Ric Ocasek, New Wave Rock Visionary and Cars Co-Founder, Is Dead


While he said he didn’t want people prying into his personal life, “I feel that my song lyrics are kind of an open book,” he told the Chicago Tribune in 1986. “I feel that writing songs for my solo albums is kind of like spilling my guts, telling people how I really feel subconsciously. When I’m writing, it’s like I’m not really in control.”

In 2003, he took a job as senior vice president of artists and repertoire, charged with finding new hitmakers, for Elektra, but the label rejected his choices; he lasted less than a year. While in the Cars, he had produced albums for punk pioneers he admired: Bad Brains and Suicide. And after the Cars disbanded, he produced music for Weezer, Bad Religion and No Doubt. In a post on Twitter, Weezer said the group is “devastated” by Mr. Ocasek’s death, and “will forever cherish the precious times we got to work and hang out with him.”

After two previous marriages, Mr. Ocasek married the model and actress Paulina Porizkova in 1989; they met in 1984 while the Cars were making the music video for “Drive.” She announced in 2018 that they had separated a year earlier. He is survived by their two children, Jonathan Raven Otcasek and Oliver Otcasek, and four sons from previous marriages: Christopher, Adam, Eron and Derek.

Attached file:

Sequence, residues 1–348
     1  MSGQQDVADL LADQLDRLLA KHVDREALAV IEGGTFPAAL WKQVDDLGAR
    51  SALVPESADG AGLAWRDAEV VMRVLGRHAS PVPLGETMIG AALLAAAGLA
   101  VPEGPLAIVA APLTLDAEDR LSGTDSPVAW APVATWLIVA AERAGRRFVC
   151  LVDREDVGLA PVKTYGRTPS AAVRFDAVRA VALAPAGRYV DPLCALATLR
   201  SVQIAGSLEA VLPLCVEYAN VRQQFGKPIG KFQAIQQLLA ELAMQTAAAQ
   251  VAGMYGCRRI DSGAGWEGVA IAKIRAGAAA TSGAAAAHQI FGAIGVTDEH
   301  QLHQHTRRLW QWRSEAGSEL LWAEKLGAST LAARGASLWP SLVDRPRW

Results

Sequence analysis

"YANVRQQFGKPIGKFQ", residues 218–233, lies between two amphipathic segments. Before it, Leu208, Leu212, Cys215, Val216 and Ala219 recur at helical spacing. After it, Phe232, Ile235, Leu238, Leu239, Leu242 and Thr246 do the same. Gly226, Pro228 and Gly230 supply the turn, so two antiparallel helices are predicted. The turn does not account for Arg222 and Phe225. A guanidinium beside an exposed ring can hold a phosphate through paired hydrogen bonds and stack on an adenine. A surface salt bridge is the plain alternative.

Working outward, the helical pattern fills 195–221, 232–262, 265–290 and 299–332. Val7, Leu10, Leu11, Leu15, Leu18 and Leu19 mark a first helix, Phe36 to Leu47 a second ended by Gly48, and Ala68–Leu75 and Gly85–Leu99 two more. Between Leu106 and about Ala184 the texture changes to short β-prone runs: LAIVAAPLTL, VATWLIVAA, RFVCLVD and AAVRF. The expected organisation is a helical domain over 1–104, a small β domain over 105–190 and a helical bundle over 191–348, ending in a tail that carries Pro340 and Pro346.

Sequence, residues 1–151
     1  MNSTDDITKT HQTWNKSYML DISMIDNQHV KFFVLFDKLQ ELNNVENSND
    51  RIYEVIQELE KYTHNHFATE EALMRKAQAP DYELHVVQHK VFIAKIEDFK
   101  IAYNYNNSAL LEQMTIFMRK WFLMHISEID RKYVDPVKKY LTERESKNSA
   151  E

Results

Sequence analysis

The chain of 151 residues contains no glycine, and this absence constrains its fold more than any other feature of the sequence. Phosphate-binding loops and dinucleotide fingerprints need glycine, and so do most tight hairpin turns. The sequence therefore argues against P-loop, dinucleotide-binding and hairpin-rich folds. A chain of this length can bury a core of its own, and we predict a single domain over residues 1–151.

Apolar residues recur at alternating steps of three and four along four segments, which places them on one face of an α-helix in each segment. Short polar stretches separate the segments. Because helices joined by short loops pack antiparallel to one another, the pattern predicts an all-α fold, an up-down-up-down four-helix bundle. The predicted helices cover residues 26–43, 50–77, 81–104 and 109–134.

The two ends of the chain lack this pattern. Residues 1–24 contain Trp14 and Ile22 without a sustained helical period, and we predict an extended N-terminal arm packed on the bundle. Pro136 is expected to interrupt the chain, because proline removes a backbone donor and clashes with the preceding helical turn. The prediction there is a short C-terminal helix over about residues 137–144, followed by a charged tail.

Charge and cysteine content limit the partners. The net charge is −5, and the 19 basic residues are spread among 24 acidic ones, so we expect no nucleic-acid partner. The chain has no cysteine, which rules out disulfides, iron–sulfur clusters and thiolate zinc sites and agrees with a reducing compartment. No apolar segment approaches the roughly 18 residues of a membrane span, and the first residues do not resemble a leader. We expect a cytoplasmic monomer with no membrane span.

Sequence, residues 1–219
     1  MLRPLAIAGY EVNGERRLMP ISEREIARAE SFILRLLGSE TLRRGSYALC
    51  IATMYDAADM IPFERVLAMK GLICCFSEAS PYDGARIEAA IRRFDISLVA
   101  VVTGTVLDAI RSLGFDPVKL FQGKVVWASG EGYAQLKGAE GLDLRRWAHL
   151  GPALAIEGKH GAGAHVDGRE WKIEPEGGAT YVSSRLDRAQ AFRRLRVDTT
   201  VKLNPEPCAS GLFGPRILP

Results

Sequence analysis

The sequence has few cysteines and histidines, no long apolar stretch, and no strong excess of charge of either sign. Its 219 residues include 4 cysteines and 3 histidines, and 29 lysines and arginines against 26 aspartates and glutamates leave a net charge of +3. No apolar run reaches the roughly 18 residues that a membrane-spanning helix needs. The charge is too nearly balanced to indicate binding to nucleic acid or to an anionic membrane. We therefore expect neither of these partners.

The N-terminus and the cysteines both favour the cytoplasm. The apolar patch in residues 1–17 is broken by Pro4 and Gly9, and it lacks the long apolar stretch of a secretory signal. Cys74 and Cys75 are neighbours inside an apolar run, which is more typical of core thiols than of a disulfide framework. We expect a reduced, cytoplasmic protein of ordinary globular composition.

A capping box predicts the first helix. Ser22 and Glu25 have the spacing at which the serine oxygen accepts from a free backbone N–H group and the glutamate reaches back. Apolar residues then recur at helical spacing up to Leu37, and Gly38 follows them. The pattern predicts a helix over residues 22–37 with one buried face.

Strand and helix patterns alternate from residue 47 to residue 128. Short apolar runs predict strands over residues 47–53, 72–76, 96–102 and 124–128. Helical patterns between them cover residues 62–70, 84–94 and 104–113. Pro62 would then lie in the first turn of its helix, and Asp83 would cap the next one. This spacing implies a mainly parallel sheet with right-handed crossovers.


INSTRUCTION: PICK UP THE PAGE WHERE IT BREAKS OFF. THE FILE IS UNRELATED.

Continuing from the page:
Mr. Ocasek often said that he did not enjoy the grind of touring, and Mr. Easton and Mr. Hawkes performed without him — joined by Todd Rundgren as lead singer — as the New Cars from 2005 to 2007. But in 2011, Mr. Ocasek regrouped the surviving members of the Cars for a final album, “Move Like This,” and a tour, although his stage presence had always been diffident. “I don’t think I’m an entertainer,” he told The New York Times in 2011. “I never think, Wow, I can’t wait to get the crowd moving.”

In a pop world full of extroverts and peacocks, Mr. Ocasek always presented himself as a detached, introverted craftsman, dedicated to songwriting rather than showmanship. In 1987, he told The New York Times, “I’m happy that the pop songs have a bit of a twist. When I’m writing, I never know how it’s going to come out. I don’t think, well, I’ve done a catchy one, now I can do a weird one. I read a lot of poetry, and that gives me a wide range of permission to say anything in a song — they’re more twisted than I’ll ever be.”

Joe Coscarelli and Daniel E. Slotnik contributed reporting.



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